The book-jacket copy tells you, already, that this is the story of a midwife and healer – based on the real-life woman, Martha Ballard. You know there will be babies and family and heartache. And love. You also expect examples of the role (and mistreatment) of women in the 1780s. I expected this, of course, but was reminded, with the Roe vs. Wade reversal, how women still are at the mercy, largely, of male lawmakers.

That’s not what this book is about, but it made me think. In fact, the novel doesn’t take a political, in-your-face stance like so much fiction today (which I am growing weary of). The author set out to write a book about Martha. About people. Not hot topics. It’s billed as a murder mystery, but the characterization is deep and there are lovely hat tips to Shakespeare as well as a fox with metaphorical significance.

It’s a book, as I said, that bridges decades and makes the reader think – about women, yes; about great love; about family love; about justice; about bucking the system; and about being honorable, good human beings. And I think that is why it’s resonating with so many readers. We see ourselves in these pages. Lawhon is a talented author, so it also doesn’t hurt that her writing is assured and often poetic.

I attended her reading in Phoenix last week and she said, “I figured no one would want to read about this, so knowing no one would want to read it, I took a chance and just threw it all in there,” (referring to the mystery component, the rape, the animal symbolism, the medicine, the law)… Well… I’m here to say, along with many others… it worked! Lawhon also admitted… all those romantic gestures in the book … they were inspired by her own husband.

Highly recommend. I mean… who better than Ariel Lawhon to write a novel about a midwife plucked from the pages of history who gave birth to nine children? Lawhon, herself, has four boys and her mother’s births were all performed by midwives at home. Being among the oldest, she witnessed one of those as a teen, and, as an adult, the home birth of one of her sister’s children.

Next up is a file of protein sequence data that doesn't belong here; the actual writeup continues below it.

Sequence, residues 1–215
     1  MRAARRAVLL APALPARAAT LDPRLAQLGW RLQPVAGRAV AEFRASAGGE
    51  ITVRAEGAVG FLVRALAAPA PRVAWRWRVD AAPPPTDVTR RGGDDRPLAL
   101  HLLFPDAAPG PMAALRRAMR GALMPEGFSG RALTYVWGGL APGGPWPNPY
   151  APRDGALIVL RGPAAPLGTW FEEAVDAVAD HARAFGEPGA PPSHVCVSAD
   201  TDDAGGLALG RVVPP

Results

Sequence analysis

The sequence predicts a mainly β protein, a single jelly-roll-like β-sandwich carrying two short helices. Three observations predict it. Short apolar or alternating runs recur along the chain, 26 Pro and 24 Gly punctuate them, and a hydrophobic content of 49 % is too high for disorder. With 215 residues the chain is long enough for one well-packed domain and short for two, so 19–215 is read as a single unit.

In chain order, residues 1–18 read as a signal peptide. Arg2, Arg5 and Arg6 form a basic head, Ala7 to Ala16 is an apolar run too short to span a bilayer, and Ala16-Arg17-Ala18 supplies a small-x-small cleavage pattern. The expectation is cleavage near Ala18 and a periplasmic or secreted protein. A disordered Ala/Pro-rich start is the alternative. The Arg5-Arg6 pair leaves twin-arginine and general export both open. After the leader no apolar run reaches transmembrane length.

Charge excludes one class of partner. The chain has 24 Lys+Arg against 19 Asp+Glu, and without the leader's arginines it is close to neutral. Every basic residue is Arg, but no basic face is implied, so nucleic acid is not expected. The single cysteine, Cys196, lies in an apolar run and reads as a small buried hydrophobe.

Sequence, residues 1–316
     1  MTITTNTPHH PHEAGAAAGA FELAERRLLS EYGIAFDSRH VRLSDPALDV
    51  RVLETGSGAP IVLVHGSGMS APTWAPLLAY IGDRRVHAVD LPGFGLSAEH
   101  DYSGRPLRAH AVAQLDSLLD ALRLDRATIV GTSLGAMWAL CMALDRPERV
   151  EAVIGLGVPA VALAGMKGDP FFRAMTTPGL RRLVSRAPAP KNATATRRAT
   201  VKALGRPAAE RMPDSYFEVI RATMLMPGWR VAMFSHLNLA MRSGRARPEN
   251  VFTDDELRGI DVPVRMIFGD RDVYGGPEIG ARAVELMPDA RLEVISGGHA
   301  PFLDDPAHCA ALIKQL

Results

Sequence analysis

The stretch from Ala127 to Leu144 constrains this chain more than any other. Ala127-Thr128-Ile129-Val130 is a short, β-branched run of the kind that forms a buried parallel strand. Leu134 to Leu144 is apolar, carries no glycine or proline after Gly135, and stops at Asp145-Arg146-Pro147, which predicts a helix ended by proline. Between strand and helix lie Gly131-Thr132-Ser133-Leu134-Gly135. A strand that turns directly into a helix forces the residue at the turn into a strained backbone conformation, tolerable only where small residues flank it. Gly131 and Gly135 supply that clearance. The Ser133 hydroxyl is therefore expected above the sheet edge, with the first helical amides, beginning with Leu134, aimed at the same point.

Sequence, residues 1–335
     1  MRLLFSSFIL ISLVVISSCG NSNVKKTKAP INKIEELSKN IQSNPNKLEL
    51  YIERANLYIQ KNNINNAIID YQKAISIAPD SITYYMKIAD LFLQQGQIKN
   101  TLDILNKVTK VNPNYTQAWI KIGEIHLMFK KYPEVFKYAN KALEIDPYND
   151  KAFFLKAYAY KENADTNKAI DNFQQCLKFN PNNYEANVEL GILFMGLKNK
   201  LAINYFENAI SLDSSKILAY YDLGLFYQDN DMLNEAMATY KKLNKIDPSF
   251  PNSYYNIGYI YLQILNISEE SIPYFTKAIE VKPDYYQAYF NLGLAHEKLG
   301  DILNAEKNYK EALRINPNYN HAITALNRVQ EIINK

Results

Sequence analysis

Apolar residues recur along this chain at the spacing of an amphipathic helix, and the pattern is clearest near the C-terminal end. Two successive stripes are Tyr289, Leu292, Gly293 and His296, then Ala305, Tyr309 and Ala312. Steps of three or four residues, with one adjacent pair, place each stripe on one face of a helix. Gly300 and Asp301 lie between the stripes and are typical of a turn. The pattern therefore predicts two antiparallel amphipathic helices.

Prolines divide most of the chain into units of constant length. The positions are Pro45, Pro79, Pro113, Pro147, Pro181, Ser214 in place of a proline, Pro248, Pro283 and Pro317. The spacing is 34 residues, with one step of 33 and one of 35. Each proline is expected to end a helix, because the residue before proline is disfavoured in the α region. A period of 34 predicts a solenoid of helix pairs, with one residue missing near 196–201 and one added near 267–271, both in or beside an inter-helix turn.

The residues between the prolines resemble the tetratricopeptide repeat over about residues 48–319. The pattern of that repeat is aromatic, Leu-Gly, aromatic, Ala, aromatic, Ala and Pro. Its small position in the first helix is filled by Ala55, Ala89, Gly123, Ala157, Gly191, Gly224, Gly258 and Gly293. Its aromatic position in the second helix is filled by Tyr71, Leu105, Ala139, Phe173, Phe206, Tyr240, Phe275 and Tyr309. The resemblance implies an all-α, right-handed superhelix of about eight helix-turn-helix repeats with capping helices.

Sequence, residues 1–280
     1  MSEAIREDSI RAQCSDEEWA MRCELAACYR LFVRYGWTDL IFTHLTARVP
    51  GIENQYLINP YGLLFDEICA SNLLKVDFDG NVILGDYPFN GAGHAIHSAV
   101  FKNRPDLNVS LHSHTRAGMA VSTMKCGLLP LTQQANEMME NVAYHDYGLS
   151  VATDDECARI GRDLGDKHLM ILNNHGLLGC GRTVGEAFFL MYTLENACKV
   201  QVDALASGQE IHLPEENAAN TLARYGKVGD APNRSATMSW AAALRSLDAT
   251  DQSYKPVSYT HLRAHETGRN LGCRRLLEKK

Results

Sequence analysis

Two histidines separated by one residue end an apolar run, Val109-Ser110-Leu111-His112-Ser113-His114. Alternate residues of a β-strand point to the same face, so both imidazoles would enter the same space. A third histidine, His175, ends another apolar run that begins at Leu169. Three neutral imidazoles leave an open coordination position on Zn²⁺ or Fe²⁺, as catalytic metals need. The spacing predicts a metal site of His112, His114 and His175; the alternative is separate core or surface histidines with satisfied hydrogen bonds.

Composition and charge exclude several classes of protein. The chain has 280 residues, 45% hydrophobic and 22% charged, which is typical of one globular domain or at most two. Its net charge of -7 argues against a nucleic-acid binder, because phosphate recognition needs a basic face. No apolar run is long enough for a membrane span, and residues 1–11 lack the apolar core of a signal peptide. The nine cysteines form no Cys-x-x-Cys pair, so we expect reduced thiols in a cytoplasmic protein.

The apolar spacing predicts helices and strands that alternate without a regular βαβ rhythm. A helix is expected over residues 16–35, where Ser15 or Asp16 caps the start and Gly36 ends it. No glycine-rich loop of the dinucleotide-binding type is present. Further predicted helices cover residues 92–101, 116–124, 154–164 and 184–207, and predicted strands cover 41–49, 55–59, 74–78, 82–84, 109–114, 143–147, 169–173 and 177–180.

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I am FLOORED! This book was so good. It was always on my radar, but all the excellent reviews I’ve seen pushed it right to the top. I’m so glad I read it sooner rather than later. It was the perfect atmospheric winter read.

Let’s talk about Martha. I have never heard of her. I absolutely love to read historical fiction books about people/events that are less widely known. Her characterization was one of the best things about this book. She loved her family, advocated for the people she came into contact with, and never wavered on what was right. She was brave and courageous, and I was rooting for her the entire time.

Her relationship with her husband, Ephraim, was what dreams are made of. I enjoyed the little snippets of their life together, and how he supported her to no end.

Along with insights into Martha’s and her family’s everyday lives, there is also both a murder and assault case that are being brought to trial in their town. The truths of what happened were slowly and expertly revealed. We get a snapshot of how women were considered unequal to men in that time period. It was heartbreaking and had me getting mad at different points.

Just absolutely amazing. I enjoyed every single minute of reading this book.

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Martha Ballard is a midwife in a small town in the period right after the Revolutionary War. A death in the small town implicates many town residents. Including one of Martha's sons. The man found dead is one of two men accused of raping the pastor's wife. Martha's strong personality leads her to seek out the truth of what happened the night of the murder, and the more she investigates the more guilty one of the town's respectable members becomes.